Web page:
Ask T+L: Street-Food Safety, Tracking Down Relatives, and More
Published: November 2011
Ask an Expert: Peter Jon Lindberg, Editor-at-Large
Q: How can I tell whether street food is safe to eat—at home and abroad? —Alice Emerson, Pacific Palisades, Calif.
A: When it comes to street food, the best tip is to look to the locals: long lines are usually a testament to good hygiene. (Plus, a quick turnover means the food stays fresh.) Ask that your meal be cooked to order; high temperatures can kill lingering bacteria. And make sure that the person cooking is not also handling the cash (or is at least changing gloves between the meal and the money). In the United States, the food-truck surge has prompted more stringent safety policies (Los Angeles’s letter-grading program now includes street vendors). Strange but true: according to David Weber, president of the New York City Food Truck Association, all employees at mobile units are required to hold a food handler’s license—but at restaurants only one person must have one.
Q: I want to track down distant relatives to meet on our upcoming trip to Europe. Where do I begin? —Joseph Raffaele, via e-mail
A: Roots travel is booming, thanks in no small part to the popularity of Who Do You Think You Are?—the reality show that traces a celebrity’s lineage. Founded by an original producer of the television hit, Ancestral Footsteps (from $6,178 for basic research) offers you the same service: investigators spend months researching your family, then arrange bespoke tours that include everything from accommodations to a translator who’ll help you chat with distant cousins. For instant access to family records (such as marriage and birth certificates), try ancestry.com ($239 per year for global records). T+L A-List agent Anne Morgan Scully also recommends the free database at familysearch.org, operated in partnership with the world’s largest genealogical organization—the Family History Library, in Salt Lake City.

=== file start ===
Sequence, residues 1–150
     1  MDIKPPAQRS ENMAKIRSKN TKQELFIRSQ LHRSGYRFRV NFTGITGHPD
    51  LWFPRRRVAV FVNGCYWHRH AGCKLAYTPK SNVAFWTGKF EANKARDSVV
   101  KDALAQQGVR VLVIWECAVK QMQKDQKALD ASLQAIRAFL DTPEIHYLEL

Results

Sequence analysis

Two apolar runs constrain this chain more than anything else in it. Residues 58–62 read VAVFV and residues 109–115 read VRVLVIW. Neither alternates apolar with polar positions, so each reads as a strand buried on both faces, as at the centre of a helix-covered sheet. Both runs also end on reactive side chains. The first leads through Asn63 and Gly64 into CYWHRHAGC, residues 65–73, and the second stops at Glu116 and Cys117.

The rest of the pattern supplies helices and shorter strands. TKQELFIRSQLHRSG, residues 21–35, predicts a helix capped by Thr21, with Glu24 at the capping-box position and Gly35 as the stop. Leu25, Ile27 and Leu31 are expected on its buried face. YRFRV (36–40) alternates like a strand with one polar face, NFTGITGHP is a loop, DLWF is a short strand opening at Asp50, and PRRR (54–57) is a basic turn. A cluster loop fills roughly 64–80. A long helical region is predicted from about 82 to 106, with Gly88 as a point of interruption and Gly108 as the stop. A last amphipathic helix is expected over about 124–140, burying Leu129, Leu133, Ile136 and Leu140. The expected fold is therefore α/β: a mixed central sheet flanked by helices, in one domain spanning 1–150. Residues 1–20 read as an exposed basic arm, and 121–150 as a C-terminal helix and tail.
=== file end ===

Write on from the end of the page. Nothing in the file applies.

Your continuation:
Q: We’re off to Vancouver and Whistler. Any advice? —Derrick Baker, Evergreen Park, Ill.
A: Vancouver’s recently opened Fairmont Pacific Rim (doubles from $309) combines Asian-inflected design with cool Canadian comforts—fire pits in the spa; one of the largest sake cellars in the city—and has a towering view over Coal Harbour. With Top Chef Canada winner Dale MacKay at its kitchen’s helm, the new Ensemble Restaurant (604/569-1770; dinner for two $75) is the place for dinner. Two hours north, Whistler Blackcomb (866/218-9690) has introduced an Olympic-size half-pipe for snowboarders. Download the Whistler Blackcomb Live app (free; Android, iPhone, iPad), which allows you to view trails and track the distance and time of your runs.
Q: Which cruise lines offer significant savings for advance booking? —Shirley Hunnicutt, via e-mail
A: With economic waters anything but calm, lines are providing some of their largest early-bird incentives ever. Arrange a trip for 2012 with Oceania Cruises before January 1 and you’ll secure half-price fares and free flights to select ports of call (including Miami and New York), plus a savings of up to $5,000 per stateroom, depending on the route. Cunard Line opens itineraries for its World Voyages as early as 18 months ahead and offers up to 10 percent off the regular rates. Guests who reserve any 2012 voyage with Silversea Cruises can earn up to $1,500 in onboard credits—just don’t spend them all in one place.